Monday, December 19, 2011

Sleeping with the Enemy

NORMA (New Production)
Krefeld 3 December 2011

© Sam H. Shirakawa

Barbara Dobrzanska (Norma) Kairschan Scholdybajew (Pollione)

How is it possible to be a Druid priestess in the wide open spaces of ancient Stonehenge and keep such secrets as having two children by an enemy soldier? It’s one of the don’t-ask issues I’ve always had with Bellini’s otherwise supernal opera Norma.

The question recurred to me at the premiere of Krefeld Stages’ new production under the direction of Thomas Wünsch. He’s shifted the scene from the green open plains of southern England to the grey claustrophobic environs of a 20th century ghetto designed by Heiko Mönnich -- presumably an eastern European enclave, given the absence of Third World n’er-do-wells.

Why a ghetto? In an interview found in the program booklet, Wünsch says, he wanted to put in bold relief the isolation of the British aborigines as an occupied people. [The Roman occupation of Britain lasted for nearly 300 years, beginning in 43 AD.] Further, he was inspired by Roberto Rosellini’s Rome -- Open City and by Pasolini’s Mamma Roma, both of which, as Wünsch notes, starred that most operatic of cinema icons Anna Magnani.  In the former, latter day Romans face off against the occupying Nazis. In the latter the denizens of the Eternal City find no liberation from the ensuing peace-time occupation of the Allied Forces, despite the desultory efforts of some, namely the younger generation.  

If Norma the opera is viewed through these filters, Norma the Druid priestess apparently copes with the condition in which she finds herself, by sleeping with the enemy, embodied by Pollione, and bearing him two children, whose fate as ethnic half-breeds could prove seminal for the plot of another opera. Especially in view of the fact that Pollione is having it off with a temple novitiate, Adalgisa. My, those Druid lassies were a randy bunch!  

Anna meets Babs
But it’s the song that matters, isn’t it? And the singing for the most part is surprisingly grand.

Barbara Dobrzanska bears a faint but agreeable resemblance to Magnani, and her sound evokes images of Anna’s deeply felt tragic gestures. I’ve heard Dobrzanska before, and she’s always stepped up to the plate. This time, she steps out. Her coloratura may eschew Sutherland’s bravura and Caballe’s lapidary incision, but she stamps her own vigorous personality on the role with her clarion roulades and seamless legato, combined with heartfelt articulation. A welcome surprise: a vocal discovery in... Krefeld?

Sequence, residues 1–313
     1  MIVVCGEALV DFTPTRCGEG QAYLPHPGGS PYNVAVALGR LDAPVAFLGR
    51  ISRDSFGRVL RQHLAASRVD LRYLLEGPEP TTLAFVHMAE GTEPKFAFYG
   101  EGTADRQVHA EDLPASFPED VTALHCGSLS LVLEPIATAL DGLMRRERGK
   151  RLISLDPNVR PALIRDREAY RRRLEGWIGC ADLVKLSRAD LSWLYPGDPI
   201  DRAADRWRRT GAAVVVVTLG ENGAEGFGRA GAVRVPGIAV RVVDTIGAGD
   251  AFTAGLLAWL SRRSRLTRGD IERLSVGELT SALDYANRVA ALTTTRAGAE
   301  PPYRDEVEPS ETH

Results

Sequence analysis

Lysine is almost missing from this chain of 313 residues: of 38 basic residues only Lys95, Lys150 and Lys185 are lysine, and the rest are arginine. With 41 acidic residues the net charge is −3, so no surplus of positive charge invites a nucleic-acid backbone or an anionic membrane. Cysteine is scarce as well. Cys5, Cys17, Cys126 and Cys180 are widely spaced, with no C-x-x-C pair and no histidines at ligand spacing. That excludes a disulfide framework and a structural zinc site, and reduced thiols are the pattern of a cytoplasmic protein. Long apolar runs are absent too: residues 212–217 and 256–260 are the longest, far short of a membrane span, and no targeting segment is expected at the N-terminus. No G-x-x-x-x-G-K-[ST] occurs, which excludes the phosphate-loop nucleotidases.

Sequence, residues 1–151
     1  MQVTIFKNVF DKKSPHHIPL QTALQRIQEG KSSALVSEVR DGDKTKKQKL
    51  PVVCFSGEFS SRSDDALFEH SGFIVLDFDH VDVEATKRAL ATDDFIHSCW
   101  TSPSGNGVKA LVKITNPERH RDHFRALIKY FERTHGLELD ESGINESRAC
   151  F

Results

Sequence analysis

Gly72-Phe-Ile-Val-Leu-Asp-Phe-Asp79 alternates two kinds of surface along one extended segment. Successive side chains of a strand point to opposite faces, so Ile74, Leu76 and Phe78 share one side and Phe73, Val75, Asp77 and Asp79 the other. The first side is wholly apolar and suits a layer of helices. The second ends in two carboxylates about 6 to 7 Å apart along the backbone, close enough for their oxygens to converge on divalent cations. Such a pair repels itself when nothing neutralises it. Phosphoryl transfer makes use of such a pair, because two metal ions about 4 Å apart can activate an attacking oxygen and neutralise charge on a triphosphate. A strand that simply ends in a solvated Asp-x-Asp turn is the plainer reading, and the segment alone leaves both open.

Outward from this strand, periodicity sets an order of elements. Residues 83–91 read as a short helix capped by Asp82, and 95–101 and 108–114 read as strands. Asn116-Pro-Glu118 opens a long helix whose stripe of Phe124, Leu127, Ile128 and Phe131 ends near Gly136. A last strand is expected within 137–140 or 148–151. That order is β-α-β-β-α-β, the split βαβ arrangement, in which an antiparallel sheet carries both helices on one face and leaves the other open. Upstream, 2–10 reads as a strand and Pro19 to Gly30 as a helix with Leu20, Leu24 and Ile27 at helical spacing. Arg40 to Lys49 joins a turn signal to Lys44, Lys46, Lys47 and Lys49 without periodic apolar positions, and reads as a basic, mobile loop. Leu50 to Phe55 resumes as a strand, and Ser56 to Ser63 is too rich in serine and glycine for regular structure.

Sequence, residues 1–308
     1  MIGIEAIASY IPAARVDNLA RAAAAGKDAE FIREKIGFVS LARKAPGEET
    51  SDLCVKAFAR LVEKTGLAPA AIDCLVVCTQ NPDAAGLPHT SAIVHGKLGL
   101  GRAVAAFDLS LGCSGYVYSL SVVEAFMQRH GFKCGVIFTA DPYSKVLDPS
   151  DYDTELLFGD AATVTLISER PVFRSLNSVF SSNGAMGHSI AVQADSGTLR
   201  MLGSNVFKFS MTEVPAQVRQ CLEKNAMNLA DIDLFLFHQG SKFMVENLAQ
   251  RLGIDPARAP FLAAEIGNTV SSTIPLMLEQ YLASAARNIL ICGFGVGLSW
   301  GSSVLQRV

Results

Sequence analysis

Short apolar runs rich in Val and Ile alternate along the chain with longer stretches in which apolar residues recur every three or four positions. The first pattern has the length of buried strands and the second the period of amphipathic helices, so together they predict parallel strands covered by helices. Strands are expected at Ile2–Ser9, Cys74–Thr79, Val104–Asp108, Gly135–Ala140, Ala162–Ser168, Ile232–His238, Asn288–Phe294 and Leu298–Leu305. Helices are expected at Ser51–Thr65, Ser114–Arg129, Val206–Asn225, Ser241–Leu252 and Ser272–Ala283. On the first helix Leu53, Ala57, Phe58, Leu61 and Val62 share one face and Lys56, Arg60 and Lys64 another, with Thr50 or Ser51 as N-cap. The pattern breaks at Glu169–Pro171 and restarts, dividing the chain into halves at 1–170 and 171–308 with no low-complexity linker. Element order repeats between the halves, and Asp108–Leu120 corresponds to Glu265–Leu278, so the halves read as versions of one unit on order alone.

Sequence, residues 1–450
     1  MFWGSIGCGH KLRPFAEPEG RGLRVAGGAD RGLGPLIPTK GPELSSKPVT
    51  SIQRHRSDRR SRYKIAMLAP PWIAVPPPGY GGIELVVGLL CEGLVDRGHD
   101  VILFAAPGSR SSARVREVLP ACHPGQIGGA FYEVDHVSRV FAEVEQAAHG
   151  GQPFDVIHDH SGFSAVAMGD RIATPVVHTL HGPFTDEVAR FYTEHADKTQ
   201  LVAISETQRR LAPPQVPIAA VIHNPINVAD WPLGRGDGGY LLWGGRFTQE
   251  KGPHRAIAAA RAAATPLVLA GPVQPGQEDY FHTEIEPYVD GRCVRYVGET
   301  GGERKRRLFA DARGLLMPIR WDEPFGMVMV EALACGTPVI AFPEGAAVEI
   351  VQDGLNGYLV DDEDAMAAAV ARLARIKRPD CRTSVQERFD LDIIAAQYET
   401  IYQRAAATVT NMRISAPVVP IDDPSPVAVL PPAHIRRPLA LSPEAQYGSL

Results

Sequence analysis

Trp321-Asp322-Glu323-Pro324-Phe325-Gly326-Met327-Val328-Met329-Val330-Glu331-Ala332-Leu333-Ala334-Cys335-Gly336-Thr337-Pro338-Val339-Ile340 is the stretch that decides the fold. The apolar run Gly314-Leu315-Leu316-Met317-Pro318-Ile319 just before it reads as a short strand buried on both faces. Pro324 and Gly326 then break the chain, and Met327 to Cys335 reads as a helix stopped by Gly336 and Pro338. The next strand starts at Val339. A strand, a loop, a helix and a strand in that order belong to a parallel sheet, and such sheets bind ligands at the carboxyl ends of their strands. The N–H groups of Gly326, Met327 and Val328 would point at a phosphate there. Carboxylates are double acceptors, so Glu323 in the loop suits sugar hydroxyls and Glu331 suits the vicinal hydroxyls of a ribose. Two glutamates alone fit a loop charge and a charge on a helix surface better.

Janet Bartolova holds her own as Adalgisa, though her voice is bereft of the darker hues usually assigned to the role. After the holidays, she and Dobrzanska reportedly are switching roles on successive performances. Should be interesting.

Kairschan Scholdybajew, who sang Pollione, had a cold. In fitter shape, he might have had a triumph. His somewhat nasal production takes some getting used-to, but his tenor is well suited to the part. His acting, though, could use more flexibility.

Andrew Nolan was serviceable in the thankless role of Oroveso.

Clothilde was a breakthrough of sorts for Sutherland. Whether the role opens horizons for Lilla Tripodi remains to be heard.

Andreas Fellner led a lively reading and drew disciplined response from the chorus, drilled by Maria Benyumova. The orchestra was in outstanding form.  

(Right) Janet Bartolova
Net-net: Wünsch has come up with an heuristic concept. But it ultimately is unfocused and distracting. Bellini and his librettist Felice Romani certainly were caught up in the dust winds of politics as they prepared to bring Norma (1831) to La Scala for the first time, but their primary concerns were romantic.  The opera, in my view, has held the imagination of the public for 200 years because of a love triangle that audiences of any era can and do relate to.  

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